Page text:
Youth Stewardship Program - July 2017
By Caitlin Peerless
When I first heard about the Haida Gwaii Youth Stewardship Program, I knew it would be the experience of a lifetime. Since starting work last week, I’ve done amazing activities that I would never have thought I’d get a chance to do. I’ve worked for local businesses, pulled invasive plants, completed archaeology digs, and even worked in a small kelp processing factory. This job has been a truly eye opening opportunity for me, and has provided me with so much knowledge about the island that I live on and the things that thrive here.
Recently, our group worked with a local farmer to help protect the goshawk population. Goshawks are an endangered species on Haida Gwaii, and they have been known to attack and kill chickens. This year four Goshawks have been killed attempting to get into chicken coops. In order to protect both the goshawks and the chickens, we spent a day fortifying coops.
At Riverworks Farm in Tlell we built a covered area for the hens out of cedar poles and wire netting. This was one of my favourite days on the job yet. The whole group was filled with good energy and we worked hard to build the best coop we could. We hammered in nails and staples, dug three foot deep holes for the supporting poles, and built rafters for the roof. Even though there were bugs everywhere and it was raining on and off, it was still a lot of fun.
A few days ago we got to work with Fisheries and Oceans Canada, which was amazing. I’d never been in a salmon hatchery before, and to say it was awesome would be an understatement. I’ve never seen that many baby fish in my life. That day, we released 25,000 sock eye salmon fry into the Honna River. I learned so much about hatcheries and fish, and it was an interesting experience I’d love to repeat. Seeing that many fish in such a small hatchery was astounding. I can’t even imagine how many fish a larger hatchery would foster.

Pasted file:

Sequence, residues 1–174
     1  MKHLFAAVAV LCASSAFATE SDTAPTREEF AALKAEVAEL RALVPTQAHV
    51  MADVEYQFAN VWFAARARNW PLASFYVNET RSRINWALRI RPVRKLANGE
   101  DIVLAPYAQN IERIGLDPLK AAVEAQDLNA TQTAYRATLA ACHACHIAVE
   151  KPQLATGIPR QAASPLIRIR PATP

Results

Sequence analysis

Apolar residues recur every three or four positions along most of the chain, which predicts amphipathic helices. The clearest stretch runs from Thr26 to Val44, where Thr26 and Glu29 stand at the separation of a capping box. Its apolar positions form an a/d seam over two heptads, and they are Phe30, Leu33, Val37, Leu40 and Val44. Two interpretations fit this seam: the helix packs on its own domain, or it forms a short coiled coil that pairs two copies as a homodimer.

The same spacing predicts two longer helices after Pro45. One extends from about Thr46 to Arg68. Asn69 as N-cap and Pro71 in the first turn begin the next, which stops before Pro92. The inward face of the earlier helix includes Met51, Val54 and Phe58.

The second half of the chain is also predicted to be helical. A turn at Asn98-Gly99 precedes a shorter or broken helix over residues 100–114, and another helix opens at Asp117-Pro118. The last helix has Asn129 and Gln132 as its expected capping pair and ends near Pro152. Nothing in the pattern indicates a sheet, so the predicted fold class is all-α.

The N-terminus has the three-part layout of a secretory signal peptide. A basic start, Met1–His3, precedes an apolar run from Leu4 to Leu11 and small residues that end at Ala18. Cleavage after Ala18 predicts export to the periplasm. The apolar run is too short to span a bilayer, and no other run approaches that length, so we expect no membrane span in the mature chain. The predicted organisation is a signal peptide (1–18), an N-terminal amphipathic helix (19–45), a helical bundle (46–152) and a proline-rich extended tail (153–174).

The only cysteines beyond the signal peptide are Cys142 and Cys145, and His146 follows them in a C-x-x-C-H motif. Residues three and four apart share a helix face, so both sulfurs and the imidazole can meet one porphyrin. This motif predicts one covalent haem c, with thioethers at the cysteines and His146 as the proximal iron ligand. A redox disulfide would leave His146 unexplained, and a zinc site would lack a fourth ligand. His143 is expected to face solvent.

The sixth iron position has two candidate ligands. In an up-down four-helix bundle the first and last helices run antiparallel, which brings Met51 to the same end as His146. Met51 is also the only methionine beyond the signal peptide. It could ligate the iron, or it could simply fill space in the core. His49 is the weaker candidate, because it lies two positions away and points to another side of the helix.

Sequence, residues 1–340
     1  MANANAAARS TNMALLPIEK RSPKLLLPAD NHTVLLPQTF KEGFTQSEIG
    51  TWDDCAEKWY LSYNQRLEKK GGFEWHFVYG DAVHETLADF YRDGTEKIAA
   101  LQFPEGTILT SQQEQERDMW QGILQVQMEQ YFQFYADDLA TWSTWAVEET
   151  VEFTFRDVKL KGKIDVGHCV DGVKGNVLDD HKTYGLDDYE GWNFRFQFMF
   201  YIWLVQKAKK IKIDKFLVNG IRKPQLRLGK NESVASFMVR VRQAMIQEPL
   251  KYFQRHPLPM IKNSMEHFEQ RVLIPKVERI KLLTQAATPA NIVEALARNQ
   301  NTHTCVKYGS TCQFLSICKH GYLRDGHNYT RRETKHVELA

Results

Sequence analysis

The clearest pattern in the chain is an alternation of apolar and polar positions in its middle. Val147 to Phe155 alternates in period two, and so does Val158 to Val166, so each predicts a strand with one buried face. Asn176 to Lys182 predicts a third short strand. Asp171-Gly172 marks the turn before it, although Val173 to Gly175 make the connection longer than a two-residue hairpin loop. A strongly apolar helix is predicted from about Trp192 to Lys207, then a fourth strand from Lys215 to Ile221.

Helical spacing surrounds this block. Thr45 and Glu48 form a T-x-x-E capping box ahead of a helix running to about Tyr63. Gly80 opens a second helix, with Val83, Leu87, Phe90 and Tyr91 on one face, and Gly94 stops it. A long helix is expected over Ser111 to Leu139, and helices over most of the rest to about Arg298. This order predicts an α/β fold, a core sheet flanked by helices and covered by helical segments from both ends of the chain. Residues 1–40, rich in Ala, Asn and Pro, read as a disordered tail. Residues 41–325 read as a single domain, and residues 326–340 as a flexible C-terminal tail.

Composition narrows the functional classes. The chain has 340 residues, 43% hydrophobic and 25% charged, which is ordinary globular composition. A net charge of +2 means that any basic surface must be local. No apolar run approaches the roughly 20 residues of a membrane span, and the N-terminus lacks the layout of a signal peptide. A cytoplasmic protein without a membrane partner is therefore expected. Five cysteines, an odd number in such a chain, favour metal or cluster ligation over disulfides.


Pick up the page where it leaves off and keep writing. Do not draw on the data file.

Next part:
Last week, I worked at a small business that processes kelp into many different products, including lasagna noodles and healthy snacks. In the morning, we cut the kelp into strips and placed it into a gigantic dehydration room, where it would then dry for almost a full day. In the afternoon, we helped package dried kelp, learned about the different products the business produces, and learned the different species of kelp they gather. My absolute favourite part was the packaging. We put labels on bags and little tins, then added the right product with the right weight, and then sealed the packages with special machines. Walking through the process from harvesting it to selling it was fascinating. I’m so happy to have had that experience.
Working at this job really makes me feel like I’m helping people, and it gives me such a great opportunity to do something real with my summer. It helps to protect our island, and to preserve the natural ecosystem here. This program is one of the best things I’ve ever had the pleasure of being a part of, and I’m truly grateful to all of the lovely people I’ve worked with. To all of the people out there who’ve helped to create the Stewardship Program into what is it today, thank you very much!